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Adnan Al-Daini Headshot

The Riots and the Looting - Thinking Aloud

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Watching the news of the riots, looting and criminality in London and other major cities of the UK this morning (August 9), I was struck by two images that, in my view, are truly shocking. One is of a distressed injured young man, carrying a rucksack, and struggling to stay upright with the mayhem around him in which he appears to have no involvement; you then see two people going towards him; it looks as though they are going to help him. Instead, as they help him to stand up, they rob him of whatever he is carrying and leave him, too disorientated and bewildered to know what has happened. The other image is of a young woman, jumping from a burning building, with the police, their arms outstretched, ready to catch her.

The dictionary defines empathy as "the ability to understand and share the feelings of another." These two incidents show total disregard for the feelings of the other. Zero empathy. When people are angry with authority because their perception is that they are not respected, their anger drives their empathy with authority figures out of the window. Similarly, if they feel deprived and all around them are riches beyond their reach, and they see no chance of improvement to their lives in the future, their anger, and resentment with those who are wealthy may cause their empathy to evaporate.

However, the victims in these two incidents are not representative of authority, and they are not the moneyed rich. So what has gone so wrong in the lives of the perpetrators to cause such a total lack of empathy? The health of our society and its cohesion require us to develop this most important of characteristics.

Parenting, bringing up children, is thought of as a natural process programmed into our genes, that does not require teaching and that people can learn as they go along. Wrong. In less developed societies you have young parents living close to their own parents and benefitting from the wisdom of the older generation. Additionally, the extended family provides help and support in bringing up children, providing them with a sense of belonging, and nurturing their connections with adults and other members of the community. In western societies families are atomised with marriage breakdowns and parents working long hours with the children practically left to look after themselves.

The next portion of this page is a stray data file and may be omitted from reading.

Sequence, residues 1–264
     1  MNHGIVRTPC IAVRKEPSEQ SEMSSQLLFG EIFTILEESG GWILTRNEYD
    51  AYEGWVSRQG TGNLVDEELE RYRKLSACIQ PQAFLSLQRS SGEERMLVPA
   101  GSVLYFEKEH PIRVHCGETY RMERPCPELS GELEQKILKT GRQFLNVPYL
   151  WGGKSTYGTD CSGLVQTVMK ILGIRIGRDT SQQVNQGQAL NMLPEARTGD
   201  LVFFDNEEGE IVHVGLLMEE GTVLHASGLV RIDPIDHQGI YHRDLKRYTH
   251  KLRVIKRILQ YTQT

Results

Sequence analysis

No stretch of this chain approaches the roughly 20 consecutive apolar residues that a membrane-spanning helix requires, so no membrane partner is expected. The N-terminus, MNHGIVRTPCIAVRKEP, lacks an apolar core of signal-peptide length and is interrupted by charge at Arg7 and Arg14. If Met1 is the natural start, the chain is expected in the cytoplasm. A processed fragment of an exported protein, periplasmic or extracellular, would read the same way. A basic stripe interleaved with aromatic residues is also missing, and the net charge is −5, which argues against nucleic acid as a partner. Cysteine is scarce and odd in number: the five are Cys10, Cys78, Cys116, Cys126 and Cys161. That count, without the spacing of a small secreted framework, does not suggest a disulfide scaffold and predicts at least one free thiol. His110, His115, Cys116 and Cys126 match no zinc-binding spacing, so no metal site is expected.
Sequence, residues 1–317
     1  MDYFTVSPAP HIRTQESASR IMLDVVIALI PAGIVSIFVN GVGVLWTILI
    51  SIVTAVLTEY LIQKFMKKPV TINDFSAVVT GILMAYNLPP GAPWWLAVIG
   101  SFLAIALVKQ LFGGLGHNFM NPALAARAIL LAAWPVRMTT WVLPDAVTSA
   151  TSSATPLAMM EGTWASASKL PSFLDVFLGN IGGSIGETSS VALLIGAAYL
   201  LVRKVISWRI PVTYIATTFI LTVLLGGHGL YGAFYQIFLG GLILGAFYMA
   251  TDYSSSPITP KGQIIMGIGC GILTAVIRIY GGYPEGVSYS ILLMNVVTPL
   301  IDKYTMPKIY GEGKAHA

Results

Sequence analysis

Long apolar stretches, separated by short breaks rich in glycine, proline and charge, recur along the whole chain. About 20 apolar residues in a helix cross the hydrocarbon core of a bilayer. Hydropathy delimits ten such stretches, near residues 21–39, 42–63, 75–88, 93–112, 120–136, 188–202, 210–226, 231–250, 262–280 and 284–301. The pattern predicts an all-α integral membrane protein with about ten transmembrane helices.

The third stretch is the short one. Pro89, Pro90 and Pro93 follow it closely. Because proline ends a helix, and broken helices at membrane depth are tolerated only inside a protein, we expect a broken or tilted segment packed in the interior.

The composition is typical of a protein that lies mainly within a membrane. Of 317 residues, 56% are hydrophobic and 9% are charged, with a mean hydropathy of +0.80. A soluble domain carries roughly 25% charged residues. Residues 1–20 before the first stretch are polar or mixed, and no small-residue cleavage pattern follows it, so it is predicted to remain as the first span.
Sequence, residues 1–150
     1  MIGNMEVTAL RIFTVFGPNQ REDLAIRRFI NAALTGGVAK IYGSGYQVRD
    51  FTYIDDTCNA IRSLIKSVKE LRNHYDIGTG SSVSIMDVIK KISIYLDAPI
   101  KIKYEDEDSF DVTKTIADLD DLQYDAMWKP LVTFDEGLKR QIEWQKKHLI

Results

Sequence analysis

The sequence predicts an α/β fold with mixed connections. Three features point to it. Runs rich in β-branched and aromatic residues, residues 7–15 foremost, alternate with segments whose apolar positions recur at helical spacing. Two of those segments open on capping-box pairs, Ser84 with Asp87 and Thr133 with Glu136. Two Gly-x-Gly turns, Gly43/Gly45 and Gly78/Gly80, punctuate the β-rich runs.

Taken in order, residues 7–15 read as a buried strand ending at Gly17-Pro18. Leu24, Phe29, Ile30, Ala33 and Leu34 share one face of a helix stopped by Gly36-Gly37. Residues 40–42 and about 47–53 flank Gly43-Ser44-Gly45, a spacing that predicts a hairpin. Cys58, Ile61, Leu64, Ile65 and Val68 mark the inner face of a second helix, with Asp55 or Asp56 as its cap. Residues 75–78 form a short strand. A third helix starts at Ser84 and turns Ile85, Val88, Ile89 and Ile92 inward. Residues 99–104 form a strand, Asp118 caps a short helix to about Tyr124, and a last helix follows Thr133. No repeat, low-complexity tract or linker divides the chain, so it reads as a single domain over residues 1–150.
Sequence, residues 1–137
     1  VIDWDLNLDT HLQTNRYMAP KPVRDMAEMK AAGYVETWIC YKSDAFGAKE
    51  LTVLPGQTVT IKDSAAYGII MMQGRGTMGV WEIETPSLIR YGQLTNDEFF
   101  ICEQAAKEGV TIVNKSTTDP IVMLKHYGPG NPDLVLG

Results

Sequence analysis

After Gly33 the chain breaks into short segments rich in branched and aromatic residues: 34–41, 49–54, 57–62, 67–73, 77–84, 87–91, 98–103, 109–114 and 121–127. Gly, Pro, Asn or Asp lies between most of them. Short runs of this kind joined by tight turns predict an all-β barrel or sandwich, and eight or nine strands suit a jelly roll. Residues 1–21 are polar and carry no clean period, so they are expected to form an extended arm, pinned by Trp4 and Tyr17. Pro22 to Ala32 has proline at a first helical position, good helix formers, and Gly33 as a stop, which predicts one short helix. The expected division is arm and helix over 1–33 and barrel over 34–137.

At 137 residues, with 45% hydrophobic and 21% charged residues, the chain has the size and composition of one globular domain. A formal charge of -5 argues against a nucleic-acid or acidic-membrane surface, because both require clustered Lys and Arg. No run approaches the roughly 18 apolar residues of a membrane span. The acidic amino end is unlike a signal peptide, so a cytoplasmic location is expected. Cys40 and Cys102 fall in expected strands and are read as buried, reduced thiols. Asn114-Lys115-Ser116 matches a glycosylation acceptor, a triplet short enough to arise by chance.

Understanding how children grow up, what values they acquire as they move into adulthood in a complex society need to be taught to parents and children. The parents need help and guidance to show them how to help their children develop positive connections to adults and their community. Unfortunately things are moving the other way. Cuts in government spending are affecting the work of charities which provide a lifeline to families trying to cope with bringing up children in this harsh economic climate. At times of austerity the work of charities is essential with their funding increased rather than cut. In universities, in a harsh economic climate they are being pushed to concentrate on subjects that can be used to create wealth. Subjects that seek to understand human behaviour, philosophy, societal interaction are being neglected and starved of funds. Very short-sighted.

Of course the first step for the government at present is to deal with this criminality and to do everything in its power to control the situation, but beyond that we need to bring experts together from all fields to examine these events and what lay behind them. In the short term this is a law and order matter that needs to be dealt with by the police who should have our whole-hearted support.

In the long term this needs to be tackled by the whole of society keeping in mind that problems need to be looked at holistically. We need to delve deeper into these problems, and for the government to examine its policies and actions taking full account of their societal impact. This is not to excuse the acts of violence and criminality we witnessed on our streets. They are inexcusable and totally unacceptable, as the Home Secretary said.